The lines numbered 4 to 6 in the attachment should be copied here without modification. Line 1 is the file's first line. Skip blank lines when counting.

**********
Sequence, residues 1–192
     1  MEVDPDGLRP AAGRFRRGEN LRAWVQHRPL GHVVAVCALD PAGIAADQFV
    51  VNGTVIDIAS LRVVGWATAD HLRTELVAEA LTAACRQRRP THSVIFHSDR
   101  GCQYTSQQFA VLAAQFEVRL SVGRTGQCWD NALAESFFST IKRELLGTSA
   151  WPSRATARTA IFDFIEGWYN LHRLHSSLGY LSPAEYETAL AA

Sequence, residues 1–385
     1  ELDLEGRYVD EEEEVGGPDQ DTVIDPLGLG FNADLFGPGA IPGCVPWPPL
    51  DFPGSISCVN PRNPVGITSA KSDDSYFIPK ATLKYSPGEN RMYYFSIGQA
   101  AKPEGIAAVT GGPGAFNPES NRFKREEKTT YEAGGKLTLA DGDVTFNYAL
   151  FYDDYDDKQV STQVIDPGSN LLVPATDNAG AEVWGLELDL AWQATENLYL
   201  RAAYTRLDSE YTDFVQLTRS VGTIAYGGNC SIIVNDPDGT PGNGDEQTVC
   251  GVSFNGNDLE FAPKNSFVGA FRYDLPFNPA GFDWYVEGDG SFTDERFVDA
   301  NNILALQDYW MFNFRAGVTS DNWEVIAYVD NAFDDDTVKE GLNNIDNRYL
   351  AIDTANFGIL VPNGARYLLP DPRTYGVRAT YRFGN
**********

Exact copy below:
   101  GCQYTSQQFA VLAAQFEVRL SVGRTGQCWD NALAESFFST IKRELLGTSA
   151  WPSRATARTA IFDFIEGWYN LHRLHSSLGY LSPAEYETAL AA

Sequence, residues 1–385